Through the use of several nethods of analyzing the spatial doffisuion of something like medical philosophy and sectarian practices, we are provided with important insights into how the various irregular medical institutions were developed. The large number of schools for homeopathy in St. Louis around 1850 was the primary instigator of my decision to review these histories in more detail. It is not uncommon for some larger urban settings to have regular and irregular schools developed in different sections of the urban setting or in adjacent urban centers. In Colorado, for example, (although this is a late 19th century history being used as an example), there was a regular school in Denver and 20 miles away in Boulder a very unique homeopathic school. In an urban Ohio setting, the regular school had it homeopathic competitor in an adjacent urban setting, but with both sharing the same church-managed hospital with each having similar patient privileges.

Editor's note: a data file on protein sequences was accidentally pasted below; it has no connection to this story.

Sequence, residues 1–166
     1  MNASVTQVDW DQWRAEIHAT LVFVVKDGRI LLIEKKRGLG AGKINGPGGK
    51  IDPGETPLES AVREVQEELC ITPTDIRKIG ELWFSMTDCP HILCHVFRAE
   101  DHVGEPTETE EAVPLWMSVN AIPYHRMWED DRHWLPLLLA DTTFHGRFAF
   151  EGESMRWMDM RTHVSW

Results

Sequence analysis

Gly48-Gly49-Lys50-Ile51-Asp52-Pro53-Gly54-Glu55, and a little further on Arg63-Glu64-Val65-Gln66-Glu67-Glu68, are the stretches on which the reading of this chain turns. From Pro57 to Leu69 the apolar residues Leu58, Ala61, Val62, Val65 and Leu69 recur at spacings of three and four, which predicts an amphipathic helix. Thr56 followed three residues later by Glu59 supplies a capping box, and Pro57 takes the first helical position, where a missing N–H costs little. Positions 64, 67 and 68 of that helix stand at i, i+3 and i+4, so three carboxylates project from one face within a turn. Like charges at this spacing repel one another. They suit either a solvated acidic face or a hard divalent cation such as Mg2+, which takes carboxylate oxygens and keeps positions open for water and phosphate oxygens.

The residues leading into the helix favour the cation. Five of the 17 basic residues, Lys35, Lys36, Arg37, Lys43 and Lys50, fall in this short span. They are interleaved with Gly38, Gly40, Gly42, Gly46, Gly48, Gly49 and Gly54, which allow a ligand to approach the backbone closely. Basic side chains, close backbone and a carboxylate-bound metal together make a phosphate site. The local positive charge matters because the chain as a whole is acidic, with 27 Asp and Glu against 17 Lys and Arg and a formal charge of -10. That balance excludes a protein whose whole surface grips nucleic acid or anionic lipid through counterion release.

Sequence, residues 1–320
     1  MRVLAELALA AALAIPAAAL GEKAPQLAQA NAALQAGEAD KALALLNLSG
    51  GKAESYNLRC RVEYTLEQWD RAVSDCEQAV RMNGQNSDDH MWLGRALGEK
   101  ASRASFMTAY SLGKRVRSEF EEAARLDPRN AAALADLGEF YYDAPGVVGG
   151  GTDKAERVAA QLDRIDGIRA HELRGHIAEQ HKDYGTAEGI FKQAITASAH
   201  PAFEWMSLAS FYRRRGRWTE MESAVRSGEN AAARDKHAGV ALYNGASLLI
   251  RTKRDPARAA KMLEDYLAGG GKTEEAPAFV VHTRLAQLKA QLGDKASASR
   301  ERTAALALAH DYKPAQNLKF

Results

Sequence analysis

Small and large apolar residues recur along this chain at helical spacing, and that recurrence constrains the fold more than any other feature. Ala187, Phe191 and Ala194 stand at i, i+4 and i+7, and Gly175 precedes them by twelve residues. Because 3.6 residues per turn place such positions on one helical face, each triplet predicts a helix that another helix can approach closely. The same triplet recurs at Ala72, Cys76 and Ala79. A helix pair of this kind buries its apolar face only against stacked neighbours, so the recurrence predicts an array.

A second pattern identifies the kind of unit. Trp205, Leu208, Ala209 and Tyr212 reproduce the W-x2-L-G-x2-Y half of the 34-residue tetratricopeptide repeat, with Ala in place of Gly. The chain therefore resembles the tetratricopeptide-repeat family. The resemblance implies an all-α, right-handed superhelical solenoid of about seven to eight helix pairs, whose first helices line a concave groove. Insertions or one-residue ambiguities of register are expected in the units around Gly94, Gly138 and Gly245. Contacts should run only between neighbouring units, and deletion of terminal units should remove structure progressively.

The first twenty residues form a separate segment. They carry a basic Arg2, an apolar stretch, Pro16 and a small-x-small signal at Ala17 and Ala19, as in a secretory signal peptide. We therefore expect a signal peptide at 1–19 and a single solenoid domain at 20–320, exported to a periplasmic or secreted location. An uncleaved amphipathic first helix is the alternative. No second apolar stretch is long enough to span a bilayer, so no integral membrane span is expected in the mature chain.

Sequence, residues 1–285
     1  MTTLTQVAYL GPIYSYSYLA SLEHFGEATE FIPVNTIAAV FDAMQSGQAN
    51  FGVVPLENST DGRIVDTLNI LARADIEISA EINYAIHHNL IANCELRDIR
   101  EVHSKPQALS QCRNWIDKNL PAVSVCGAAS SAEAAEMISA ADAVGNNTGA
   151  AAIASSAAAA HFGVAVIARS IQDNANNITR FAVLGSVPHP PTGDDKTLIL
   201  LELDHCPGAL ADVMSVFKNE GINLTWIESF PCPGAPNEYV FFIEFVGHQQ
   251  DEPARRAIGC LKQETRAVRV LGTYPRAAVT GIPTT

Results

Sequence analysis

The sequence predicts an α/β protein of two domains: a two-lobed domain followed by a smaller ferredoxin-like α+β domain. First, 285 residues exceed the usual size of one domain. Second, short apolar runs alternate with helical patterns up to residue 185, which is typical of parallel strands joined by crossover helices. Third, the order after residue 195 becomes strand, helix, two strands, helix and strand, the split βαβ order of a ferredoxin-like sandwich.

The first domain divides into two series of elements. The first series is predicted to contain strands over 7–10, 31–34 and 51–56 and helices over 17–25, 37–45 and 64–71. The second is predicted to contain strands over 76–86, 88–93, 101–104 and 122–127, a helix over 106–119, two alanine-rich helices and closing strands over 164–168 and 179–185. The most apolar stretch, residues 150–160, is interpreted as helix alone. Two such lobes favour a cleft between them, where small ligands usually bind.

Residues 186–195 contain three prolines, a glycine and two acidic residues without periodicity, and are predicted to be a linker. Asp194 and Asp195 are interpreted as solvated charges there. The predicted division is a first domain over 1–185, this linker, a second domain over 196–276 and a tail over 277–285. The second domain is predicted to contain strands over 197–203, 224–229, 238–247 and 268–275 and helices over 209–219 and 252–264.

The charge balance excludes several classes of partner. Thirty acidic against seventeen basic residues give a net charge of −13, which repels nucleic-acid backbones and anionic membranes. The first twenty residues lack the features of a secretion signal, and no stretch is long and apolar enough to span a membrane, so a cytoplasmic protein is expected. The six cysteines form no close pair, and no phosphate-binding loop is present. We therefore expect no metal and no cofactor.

Theissen’s polygons help to define some of the distribution features needed to understand communication and transportation routes relative to medical philosophy diffusion process. Obviously, these are not territorial indicaitors but rather social and population impact indicators with potential for considerable overlap and the need for applying a considerable amount of fuzzy logic to this methodology, numerically or qualitatively.
Sphere’s of influence can also help provide us with insights into how and where a diffusion process may be forced to undergo its travels to new regions.